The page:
Reasons I should not buy a NEC Multisync PA241W-BK-SV

Started Feb 9, 2012 | Discussions thread
Jacques Cornell
Jacques Cornell Veteran Member • Posts: 9,454
Re: SV software only for NEC displays

Wayne Larmon wrote:

Majikthize wrote:

Radu Tenenbaum wrote:

Similar question but reverse situation.  If I already have the I1Display Pro with the i1Profiler software and get the NEC monitor (which I'm considering), would it be worthwhile getting the SV software?

I haven't had a chance to do a direct comparison. A friend of mine has a PA271 with the i1DP and both i1Profiler and SV software, so next time I'm at his place I'll check it out. I'd say the answer is yes, even if only for the conveniences. SV gives you the ability to create lots of custom profiles and save them in the monitor's circuitry, so that you can easily switch brightness levels and color spaces without having to recalibrate each time. Handy when you want to edit in aRGB, preview in sRGB, and then watch a movie. Also, once you've set your preferences and settings, calibrating is a one-click affair. Super-easy to use.

Almost.  If you have, say, five different "targets" (NEC's term for a collection of calibration settings), you can't re-calibrate all five with a single click.  You can only do a single calibration at once.  Because doing a calibration takes several minutes(longer than most people want to stand around and wait), you have to set aside "calibration baby sitting" time when are redoing all your calibration targets.  (Which need to be done no longer than 28 days apart.)  You need to manually switch between each target and click on the "Calibrate" button.  It would be handier if you could stack up all the calibrations that need redoing so you could start the process, go away and when you came back, all the recalibrations would be done.

The way SV maintains multiple targets is easy, because once a calibration has been done, you can switch to a different target by choosing it from a drop-down.  As you said, you don't need to do an entire calibration to switch between, say, aRGB and sRGB, at different luminances and gammas.  I'm pretty sure that if you wanted to do the same thing with iProfilier, you'd need to do an entire calibration each time you wanted to change settings.

But the main reason to use SV is increased precision.  SV directly controls the internal settings of the monitor, at the maximum precision that the hardware is capable of.  Which is much more precise than a 8 bit video card LUT is.  This means (theoretically) less posterization and banding.  I say "theoretically", because I use SV on my PA241W and iProfilier on my secondary Samsung monitor and I don't see any posterization or banding on the Samsung.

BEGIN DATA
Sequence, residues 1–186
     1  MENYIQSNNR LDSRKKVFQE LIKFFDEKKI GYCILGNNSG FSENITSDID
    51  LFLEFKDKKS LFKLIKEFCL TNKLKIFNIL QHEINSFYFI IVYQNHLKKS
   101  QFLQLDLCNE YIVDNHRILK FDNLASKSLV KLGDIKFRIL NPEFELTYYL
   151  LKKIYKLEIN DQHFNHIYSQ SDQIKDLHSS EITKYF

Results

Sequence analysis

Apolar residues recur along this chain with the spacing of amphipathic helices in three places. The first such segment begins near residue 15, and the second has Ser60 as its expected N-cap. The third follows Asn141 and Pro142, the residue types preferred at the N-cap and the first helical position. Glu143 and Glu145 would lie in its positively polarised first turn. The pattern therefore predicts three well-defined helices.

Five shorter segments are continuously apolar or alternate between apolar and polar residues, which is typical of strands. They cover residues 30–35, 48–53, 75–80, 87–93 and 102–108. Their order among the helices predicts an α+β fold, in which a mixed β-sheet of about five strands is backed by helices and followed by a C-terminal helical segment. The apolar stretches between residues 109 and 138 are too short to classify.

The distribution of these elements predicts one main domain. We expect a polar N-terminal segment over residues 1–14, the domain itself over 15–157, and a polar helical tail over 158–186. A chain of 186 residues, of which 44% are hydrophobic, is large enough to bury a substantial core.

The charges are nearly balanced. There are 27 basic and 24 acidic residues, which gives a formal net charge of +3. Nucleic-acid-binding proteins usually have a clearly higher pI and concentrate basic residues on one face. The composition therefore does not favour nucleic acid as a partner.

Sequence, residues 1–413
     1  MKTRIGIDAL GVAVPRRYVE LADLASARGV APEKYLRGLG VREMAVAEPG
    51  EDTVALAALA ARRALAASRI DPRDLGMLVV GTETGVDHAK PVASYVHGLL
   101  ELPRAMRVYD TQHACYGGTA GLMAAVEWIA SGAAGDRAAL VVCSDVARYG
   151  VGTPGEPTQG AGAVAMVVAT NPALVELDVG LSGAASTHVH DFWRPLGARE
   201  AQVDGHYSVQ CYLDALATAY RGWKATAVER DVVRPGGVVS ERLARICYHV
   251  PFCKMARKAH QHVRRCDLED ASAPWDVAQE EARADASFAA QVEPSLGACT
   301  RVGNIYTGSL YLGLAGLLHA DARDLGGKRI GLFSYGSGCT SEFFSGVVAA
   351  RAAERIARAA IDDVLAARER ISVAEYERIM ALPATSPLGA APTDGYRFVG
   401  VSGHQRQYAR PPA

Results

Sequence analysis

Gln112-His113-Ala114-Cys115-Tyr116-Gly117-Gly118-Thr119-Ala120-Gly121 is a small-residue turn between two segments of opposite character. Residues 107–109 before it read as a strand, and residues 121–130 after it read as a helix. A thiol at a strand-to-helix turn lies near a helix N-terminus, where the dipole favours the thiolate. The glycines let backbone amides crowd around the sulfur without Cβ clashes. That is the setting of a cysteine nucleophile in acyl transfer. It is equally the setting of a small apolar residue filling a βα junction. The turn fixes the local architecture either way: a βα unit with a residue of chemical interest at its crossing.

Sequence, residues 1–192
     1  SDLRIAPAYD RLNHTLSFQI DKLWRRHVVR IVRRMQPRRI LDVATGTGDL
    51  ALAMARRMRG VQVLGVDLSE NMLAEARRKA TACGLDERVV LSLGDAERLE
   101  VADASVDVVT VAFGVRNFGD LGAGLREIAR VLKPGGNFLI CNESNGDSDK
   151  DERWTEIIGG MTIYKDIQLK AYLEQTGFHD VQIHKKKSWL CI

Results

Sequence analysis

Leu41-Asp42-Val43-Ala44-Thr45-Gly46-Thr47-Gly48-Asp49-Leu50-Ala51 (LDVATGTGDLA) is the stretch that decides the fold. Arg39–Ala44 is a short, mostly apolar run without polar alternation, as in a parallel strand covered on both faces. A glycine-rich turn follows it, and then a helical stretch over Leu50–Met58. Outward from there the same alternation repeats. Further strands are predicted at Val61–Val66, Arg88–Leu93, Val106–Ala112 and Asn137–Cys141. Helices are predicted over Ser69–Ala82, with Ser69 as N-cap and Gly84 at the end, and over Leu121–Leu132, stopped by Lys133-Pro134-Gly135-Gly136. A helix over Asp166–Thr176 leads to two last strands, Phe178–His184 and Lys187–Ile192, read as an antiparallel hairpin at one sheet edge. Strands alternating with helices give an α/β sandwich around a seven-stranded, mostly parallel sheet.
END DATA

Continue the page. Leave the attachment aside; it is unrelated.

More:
One real neat thing that SV can do is set a monitor so that it's native format (what it looks like outside of color managed programs) temporarily acts like it is exactly what the target is.  Maybe call this an emulated native response.  Which is meaningful if the target gamut is smaller than the monitor's true native gamut.  Because I edit in sRGB a lot, it is real handy that sRGB images look exactly the same on my PA241W in color managed programs as they do in programs that aren't color managed.  Even though my Samsung monitor isn't wide gamut, it's native format doesn't exactly match sRGB.  So sRGB images look different when viewed in color managed and non-color managed programs.    I found this to be disconcerting before I switched to a NEC monitor and SV.

Another example.  If you normally edit images in a wide gamut (aRGB, etc.), then you would usually have the target set to the monitor's true native format.  Which works great so long as you are in a color managed program.  But is not so great when you exit the color managed program and are looking at your Windows desktop.  Because the Windows desktop isn't color managed, the icons will look overly bright.  Images viewed in non-color managed programs can also look very wrong.   You can solve this by using SV to change the target to be one that has sRGB.  Until you want to edit images again.  At this time, use SV to change the target back to the one that uses the monitor's true native gamut.   (Don't know about how this works for Macs.)

Excellent clarifications. Thanks. FWIW, on the Mac side, there are no non-color-managed apps 'cause it's system-wide. Switching color spaces still helps, though, when viewing non-tagged images in an app that can't assign tags.

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'No matter where you go, there you are.'

Heh.  Good sig.  When is Buckaroo Banzai Against the World Crime League coming out, anyway?

Still holding my breath...

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'No matter where you go, there you are.'

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